Iyotetsu is the main railway and bus company in Matsuyama. If you visit Matsuyama, there is a very strong chance that you will be using their tram services to get around town. It is a little difficult to get good information about their services and the services can be a little confusing at first but it is actually really easy.
If you fly into Matsuyama, you are more than likely to be taking the Limousine Bus, which is pretty simple. Just hop on and head into town. It takes 15-30 minutes to get into town with 2 main services. There is a direct service to Matsuyama-shi Station and a full city service that goes to Matsuyama Station and then stopping along the way to Dogo Onsen. More on this in a future post, but basically it is a pretty easy way to get to and from the city and you don’t have to worry about the bus being sold out.
Once you get into the city, you have 2 main train lines, a tram system, and a bus system. For the trains you have the JR line and the Iyotetsu Line. Iyotetsu is the most popular train service and the JR Line is pretty quiet. You basically use it to get to Takamatsu or other areas where the Iyotetsu Lines are used to get around Ehime.
The trams are the most useful service in Matsuyama. You will no doubt be using it to get around. They do have a great one and two day passes that are 500 and 800 JPY respectively. The tram costs 160 JPY per trip so you need to roughly take 4 trips on the tram to save money. It is also useful on the buses but it doesn’t cover the “Botchan Ressha”, a special steam train/tram for tourists.
When you get the day pass, you have to be a little careful with it as you need to scratch off the correct date to activate it. It is easy to scratch off the wrong date, as “I” found out. Somehow she scratched off the wrong date twice in a row leading us to do some good Japanese comedy. It started with her scratching the 1st month instead of the 5th. She proceeded to go to the conductor to get a stamp for the mistake. She then decided to do the same mistake with the date, and instead of scratching the 17th, she scratched the 1st as well leading to both “A” and I to “screaming” at “I” for being “stupid” in a typical “manzai” style. It was a fun time for sure and even a few people on the tram realized what was happening. It may have been a little frustrating but we had a good laugh.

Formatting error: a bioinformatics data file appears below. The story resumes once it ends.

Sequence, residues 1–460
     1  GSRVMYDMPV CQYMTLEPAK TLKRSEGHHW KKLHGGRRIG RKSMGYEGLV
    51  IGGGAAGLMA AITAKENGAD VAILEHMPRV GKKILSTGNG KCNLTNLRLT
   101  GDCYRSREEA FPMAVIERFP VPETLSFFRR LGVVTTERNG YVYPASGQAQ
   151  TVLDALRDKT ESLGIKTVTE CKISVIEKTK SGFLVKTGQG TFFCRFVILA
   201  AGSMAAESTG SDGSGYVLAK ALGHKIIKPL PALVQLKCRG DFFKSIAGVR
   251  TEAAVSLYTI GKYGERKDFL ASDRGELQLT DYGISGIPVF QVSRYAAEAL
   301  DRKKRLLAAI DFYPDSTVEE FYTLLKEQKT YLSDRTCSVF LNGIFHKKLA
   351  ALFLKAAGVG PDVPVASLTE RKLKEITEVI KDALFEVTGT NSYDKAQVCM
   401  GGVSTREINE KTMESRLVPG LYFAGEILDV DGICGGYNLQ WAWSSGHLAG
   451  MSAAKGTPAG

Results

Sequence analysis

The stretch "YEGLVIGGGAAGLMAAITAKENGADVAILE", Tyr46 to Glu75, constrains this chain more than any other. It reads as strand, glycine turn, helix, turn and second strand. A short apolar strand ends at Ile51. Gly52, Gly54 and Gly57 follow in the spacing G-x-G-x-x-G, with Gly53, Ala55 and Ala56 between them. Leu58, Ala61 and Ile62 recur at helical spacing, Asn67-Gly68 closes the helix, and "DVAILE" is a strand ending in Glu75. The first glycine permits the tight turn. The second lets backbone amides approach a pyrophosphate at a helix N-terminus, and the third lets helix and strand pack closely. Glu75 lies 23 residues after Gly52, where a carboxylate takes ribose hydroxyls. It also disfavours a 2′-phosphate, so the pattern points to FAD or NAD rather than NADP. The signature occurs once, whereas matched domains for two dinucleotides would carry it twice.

Day passes can be bought on any tram and all of the drivers have them. If you are on a train with a conductor, you can buy them at any time on the tram, but if there is only one person on board, you’ll have to wait till you get off to buy it. If you do scratch the wrong number or date off, just talk to the driver and he will stamp it for you to say that the wrong date was scratched.
There are 5 tram lines in Matsuyama. Lines 1 and 2 are basically loop lines. One goes clockwise and the other goes counter clockwise. You need to understand that they follow the exact same route and there is only 1 place where you need to be careful. There is a spur from the main loop that goes to Matsuyama-shi and both lines go the same way on that short section. It can be a little confusing at first, or if you are not paying attention, but it isn’t too difficult to understand.
Lines 3, 5, and 6 are a lot easier to understand. All of them go to and from Dogo Onsen but the starting point is different. Line 3 starts at Matsuyama-shi Station, Line 4 starts from Matsuyama Station, and Line 6 starts at Honmachi 6 Chome. For the most part, most people will not need to worry about which line they are taking. If you are staying in the central area of town near the castle, Okaido Street, or Matsuyama-shi, the trains are pretty simple. They all go along Okaido and the only thing you really need to know is whether you are getting on a tram to go to Dogo Onsen, or if you are going to the end of one of the lines.
It is pretty easy to hop on a tram and just head along Okaido to get from the hotel area to the central commercial area. I did it often when I had a day pass and using it to go a couple of stations is really simple. I’m usually happy to walk most of it but sometimes you just want to take a train to rest your legs. If you are going to Dogo, you will have to take the tram or it is a long walk to get there.
The transportation in Matsuyama is a little confusing at first, and information was a little confusing for me in English. Even in Japanese it was a little difficult for me to read everything and find everything I was looking for. Like anything, once you use it, it is really easy. If you are experienced in travelling in Tokyo, you won’t have any problems in Matsuyama, although you might have a little trouble at first.